I Don’t Give A Netflux

(One of the major ISPs in Indonesia, who’s also the main telecommunications provider, is blocking Netflix since its expansion, due to Netflix’s refusal to share its revenue with the ISP. To compensate, they provide their own rip-off streaming services, but the service is really bad. One day I decide to stop my subscription, since they’re blocking Netflix, and also due to their really silly Internet filter. If we cancel our subscription, we could also lose our landline, and I don’t want to lose it, so I need to make sure.)

Me: “Hello, I want to cancel my subscription to your Internet service. But I have one question: would I lose my landline number?”

ISP: “All right, ma’am. Could you tell us the reason you’re ending your subscription?”

Me: “I can’t watch Netflix. You block them.”

ISP: “Sorry, but they’re not our product. To stream movies and TV series, we suggest [Rip-Off Streaming Service #1] and [Rip-Off Streaming Service #2]. Have you reconsidered?”

Me: “YouTube, Facebook, and Twitter are not your products, either, but I can still access them; why is that? Besides, your streaming service is really poor, and it crashes most of the time.”

ISP: “Netflix doesn’t cooperate with us, but the other sites have.”

Me: “So, you decided to just block them?”

ISP: “Netflix’s content is full of violence, so we decided not to cooperate with them.”

Me: “But [Rip-Off Streaming Service #1] and [Rip-Off Streaming Service #2] have also provided violent content in their service. To be fair, the responsibility of filtering content is the customer’s responsibility, and I’m capable of it.”

ISP: *ignoring my comment* “I’m sorry, ma’am. They’re not compliant to this country’s regulation.”

Me: “First you say it’s because they don’t cooperate with you, then you say that it’s because their content is violent, then you say that they’re not compliant with regulations? Which one is true?”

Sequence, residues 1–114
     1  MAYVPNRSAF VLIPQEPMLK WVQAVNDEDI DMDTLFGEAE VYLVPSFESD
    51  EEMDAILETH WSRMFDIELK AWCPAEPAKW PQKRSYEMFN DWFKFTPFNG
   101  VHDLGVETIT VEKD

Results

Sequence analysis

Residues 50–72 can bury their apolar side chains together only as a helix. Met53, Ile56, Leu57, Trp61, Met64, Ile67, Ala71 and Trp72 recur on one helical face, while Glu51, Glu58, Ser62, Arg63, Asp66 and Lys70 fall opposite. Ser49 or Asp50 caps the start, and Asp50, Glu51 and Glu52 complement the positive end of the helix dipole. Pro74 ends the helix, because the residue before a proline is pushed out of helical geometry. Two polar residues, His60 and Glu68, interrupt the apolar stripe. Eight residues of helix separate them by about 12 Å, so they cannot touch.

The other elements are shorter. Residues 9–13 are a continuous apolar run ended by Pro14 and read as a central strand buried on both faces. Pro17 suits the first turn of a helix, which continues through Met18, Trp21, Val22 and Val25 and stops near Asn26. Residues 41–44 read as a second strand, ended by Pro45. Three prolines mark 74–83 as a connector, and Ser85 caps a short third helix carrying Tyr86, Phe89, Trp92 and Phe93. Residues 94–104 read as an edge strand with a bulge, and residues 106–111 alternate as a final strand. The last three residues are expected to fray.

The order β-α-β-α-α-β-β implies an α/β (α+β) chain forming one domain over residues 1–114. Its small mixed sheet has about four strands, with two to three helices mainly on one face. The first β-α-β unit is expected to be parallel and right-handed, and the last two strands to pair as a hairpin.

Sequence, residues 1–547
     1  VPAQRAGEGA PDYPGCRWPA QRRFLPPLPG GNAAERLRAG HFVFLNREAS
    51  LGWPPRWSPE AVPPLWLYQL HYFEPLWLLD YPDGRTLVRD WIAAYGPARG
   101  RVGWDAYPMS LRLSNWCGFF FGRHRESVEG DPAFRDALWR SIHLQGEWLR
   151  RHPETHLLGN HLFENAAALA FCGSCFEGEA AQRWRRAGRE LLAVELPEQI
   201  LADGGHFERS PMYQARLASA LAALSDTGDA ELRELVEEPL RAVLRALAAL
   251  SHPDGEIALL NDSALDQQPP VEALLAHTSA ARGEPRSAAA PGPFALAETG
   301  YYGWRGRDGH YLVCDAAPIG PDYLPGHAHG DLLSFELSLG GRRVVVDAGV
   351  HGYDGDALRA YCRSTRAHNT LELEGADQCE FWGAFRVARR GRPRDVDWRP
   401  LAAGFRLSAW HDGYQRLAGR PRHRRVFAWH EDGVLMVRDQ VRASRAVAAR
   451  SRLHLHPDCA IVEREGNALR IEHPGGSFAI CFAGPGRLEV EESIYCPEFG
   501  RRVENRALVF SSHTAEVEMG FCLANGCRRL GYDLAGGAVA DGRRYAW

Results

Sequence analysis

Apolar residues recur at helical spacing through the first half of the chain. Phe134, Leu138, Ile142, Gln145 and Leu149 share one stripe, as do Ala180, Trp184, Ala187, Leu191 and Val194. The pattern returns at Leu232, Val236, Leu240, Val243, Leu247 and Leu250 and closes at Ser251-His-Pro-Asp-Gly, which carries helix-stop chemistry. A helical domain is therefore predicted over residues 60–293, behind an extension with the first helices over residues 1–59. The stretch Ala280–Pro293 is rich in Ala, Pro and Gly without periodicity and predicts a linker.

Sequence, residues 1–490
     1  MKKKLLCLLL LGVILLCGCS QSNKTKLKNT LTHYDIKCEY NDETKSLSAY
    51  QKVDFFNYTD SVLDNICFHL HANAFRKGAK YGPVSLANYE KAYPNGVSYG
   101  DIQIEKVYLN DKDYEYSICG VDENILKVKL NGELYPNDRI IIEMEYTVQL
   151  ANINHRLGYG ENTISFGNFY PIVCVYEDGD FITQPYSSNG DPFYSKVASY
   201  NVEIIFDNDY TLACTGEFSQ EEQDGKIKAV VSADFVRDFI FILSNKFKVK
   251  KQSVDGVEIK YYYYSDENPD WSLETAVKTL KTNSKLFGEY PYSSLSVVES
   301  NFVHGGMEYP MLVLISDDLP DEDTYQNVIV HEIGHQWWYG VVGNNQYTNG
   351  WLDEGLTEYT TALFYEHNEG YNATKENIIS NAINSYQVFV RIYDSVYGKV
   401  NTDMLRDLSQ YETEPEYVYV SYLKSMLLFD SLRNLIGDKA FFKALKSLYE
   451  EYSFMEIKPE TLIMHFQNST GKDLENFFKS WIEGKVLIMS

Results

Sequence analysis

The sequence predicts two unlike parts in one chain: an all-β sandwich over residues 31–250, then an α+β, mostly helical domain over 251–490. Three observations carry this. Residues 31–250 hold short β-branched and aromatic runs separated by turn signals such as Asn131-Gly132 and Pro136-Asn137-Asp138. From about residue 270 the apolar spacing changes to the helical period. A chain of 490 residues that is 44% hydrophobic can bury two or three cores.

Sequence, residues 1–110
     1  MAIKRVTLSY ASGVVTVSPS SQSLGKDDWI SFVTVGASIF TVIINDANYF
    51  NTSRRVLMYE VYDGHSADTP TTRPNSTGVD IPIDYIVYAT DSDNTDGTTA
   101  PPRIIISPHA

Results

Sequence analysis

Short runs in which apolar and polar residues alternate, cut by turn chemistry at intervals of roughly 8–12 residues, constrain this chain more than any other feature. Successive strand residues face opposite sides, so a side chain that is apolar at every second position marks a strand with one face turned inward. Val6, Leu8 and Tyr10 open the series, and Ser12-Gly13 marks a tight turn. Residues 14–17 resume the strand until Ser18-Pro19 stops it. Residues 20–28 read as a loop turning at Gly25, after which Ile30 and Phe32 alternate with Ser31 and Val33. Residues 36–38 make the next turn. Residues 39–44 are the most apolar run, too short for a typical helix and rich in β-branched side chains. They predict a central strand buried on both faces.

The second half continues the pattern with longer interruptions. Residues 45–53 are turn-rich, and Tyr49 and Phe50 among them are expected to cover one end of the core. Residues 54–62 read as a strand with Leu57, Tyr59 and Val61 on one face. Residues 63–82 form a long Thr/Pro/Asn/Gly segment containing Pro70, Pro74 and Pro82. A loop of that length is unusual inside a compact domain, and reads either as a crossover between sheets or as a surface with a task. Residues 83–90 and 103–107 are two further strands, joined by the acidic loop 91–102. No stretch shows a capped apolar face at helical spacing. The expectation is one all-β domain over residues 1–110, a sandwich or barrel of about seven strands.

ISP: “I’m sorry, ma’am, but we have [Rip-Off Streaming Service #1] and [Rip-Off Streaming Service #2] with quality movies; have you reconsidered?”

Me: “…”

(I guess I won’t mind losing my phone number, then.)

 

If you support net neutrality, make your voice heard! This form goes directly to the FCC, but it must be done from a desktop computer. #netneutrality #resist

Here’s a super quick and effective way to support net neutrality:
1. On a computer, (not your phone!), go to: www.fcc.gov/ecfs/filings/express
2. Enter (under “Proceeding”) the numbers 17-108.
3. In comments, say you support Title 2 oversight of ISPs. Also say that you support net neutrality.

*Fill in the form carefully; they’ve made it less friendly and impossible to fill in by phone, on purpose.
*Don’t be silenced. Do it now. Copy & Paste and Pass it on!
https://www.fcc.gov/ecfs/filings/express

 

To get back to our business of telling stories, enjoy a roundup of some or our more memorable stories involving access to The Internet!

The Cable Guy Ignores The Cable
Some Take It More Seriously Than Others
Future Technology
By Process of Indiscrimination
Full Of Hot Air
(Bodily) Equipment Malfunctions
From Boob Tube To Boob Tubes
What Would Jesus Do For Free Wifi
I Swear By My Password
A Tidal Wave Of Bad Excuses
It Was A ‘No’ Brainer

You Can’t Recycle Old Ideas

, , , , | Working | November 29, 2017

(Windows 95 has just come out. I am working in IT for an engineering firm. We are upgrading all computers to Windows 95 and I am walking around, checking that everyone is logged on and working okay, when I get called over by one of the engineers.)

Engineer: “Can I ask you a quick question?”

Me: “Of course!”

Engineer: “See that Recycle Bin?” *pointing to the screen*

Me: “Yeah?”

Engineer: “Does someone come round and empty it?”